10 August 2017
No Body No Parole
State Member for Noosa Glen Elmes said the LNP had delivered another important reform from Opposition, with No Body, No Parole laws passing through the Parliament.
“We’ve felt strongly about this policy which rebalances the scales of justice in favour of families of Queensland homicide victims, announcing our proposal last November and presenting it to Parliament in February this year.
“I am very proud to be in a parliament that has at last presented this bill in a bipartisan way to the people of Queensland.
“In passing these important reforms, I want to pay tribute to Fiona Splitt of Cooktown whose husband Bruce was murdered in 2012 and his body never found even though his killers are behind bars. This family started the original petition, and Gary and Leanne Pullen whose son Tim’s body was never found, fought long and hard to have these important changes become law.
“Both of these families have suffered tragedies and deserve the opportunity to say goodbye to their loved ones and give them the appropriate farewell they deserve.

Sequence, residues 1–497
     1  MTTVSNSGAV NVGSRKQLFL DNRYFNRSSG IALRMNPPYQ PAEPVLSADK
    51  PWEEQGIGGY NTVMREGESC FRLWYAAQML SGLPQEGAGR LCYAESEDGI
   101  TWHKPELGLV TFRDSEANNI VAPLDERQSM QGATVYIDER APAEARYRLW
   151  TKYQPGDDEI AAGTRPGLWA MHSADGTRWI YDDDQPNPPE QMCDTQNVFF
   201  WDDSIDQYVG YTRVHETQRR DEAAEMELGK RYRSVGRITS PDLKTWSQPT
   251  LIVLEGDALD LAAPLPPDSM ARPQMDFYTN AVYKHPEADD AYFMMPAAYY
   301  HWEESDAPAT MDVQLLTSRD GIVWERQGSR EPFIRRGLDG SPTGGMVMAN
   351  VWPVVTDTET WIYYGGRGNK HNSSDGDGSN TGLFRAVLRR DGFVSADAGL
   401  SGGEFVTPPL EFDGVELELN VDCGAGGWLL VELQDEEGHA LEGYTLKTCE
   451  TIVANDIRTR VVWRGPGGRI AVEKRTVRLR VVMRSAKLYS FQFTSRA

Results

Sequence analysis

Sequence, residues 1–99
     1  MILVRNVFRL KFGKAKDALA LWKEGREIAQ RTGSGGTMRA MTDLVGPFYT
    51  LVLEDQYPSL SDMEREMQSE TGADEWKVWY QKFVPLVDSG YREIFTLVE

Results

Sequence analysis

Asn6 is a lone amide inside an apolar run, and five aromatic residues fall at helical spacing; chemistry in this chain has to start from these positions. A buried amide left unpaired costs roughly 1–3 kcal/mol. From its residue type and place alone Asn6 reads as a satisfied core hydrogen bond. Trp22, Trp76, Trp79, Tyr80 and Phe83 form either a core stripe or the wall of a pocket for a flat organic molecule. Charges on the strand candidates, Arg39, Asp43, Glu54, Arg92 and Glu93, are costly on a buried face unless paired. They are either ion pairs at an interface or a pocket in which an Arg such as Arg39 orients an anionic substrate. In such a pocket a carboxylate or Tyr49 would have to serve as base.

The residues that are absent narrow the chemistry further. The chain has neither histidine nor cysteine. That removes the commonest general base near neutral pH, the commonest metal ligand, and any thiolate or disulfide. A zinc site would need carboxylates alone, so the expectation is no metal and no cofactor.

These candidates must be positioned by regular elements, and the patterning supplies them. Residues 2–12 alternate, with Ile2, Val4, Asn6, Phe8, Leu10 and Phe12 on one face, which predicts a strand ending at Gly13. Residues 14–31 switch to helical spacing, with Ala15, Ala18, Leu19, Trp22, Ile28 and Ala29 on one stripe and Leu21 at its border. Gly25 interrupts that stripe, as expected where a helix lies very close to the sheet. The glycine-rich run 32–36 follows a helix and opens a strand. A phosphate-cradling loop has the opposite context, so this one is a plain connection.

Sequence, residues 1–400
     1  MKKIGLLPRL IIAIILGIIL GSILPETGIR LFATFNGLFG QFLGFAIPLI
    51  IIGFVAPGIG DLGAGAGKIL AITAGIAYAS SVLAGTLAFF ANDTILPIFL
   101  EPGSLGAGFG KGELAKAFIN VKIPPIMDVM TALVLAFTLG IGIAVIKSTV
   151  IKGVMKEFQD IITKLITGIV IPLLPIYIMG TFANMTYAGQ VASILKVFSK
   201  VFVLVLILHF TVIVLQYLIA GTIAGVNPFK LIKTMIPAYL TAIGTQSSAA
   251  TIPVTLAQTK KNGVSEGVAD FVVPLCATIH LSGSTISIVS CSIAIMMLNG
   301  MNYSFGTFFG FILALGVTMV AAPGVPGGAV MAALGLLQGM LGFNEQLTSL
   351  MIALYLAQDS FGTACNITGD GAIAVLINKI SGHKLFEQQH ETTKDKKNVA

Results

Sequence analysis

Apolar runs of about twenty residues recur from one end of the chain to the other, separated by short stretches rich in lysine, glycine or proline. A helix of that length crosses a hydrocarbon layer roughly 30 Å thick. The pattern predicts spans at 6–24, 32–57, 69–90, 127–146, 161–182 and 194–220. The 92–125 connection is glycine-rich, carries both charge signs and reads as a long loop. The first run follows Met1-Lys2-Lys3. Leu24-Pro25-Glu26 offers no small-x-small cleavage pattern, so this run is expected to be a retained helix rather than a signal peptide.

“The no-body no-parole provision of this bill is predicated on the hope that making release on parole dependent on cooperating to identify the location of a victim’s body will provide incentive for offenders to assist in recovering the body or the remains of a victim.
“All that a victim’s loved ones want is the opportunity to find out where the deceased person spent his or her last moments and to be able to say a final goodbye as part of a dignified funeral service.
“We hope that these reforms help them, and families like them, find justice and closure,” Mr Elmes said.
“A person convicted of homicide or directly related offences cannot possibly be rehabilitated and be ready for release if they have not had the decency to reveal where the body is. I believe the denial of parole for offenders who refuse to disclose the whereabouts of their victim’s body will bring a greater sense of justice to our justice system” he said.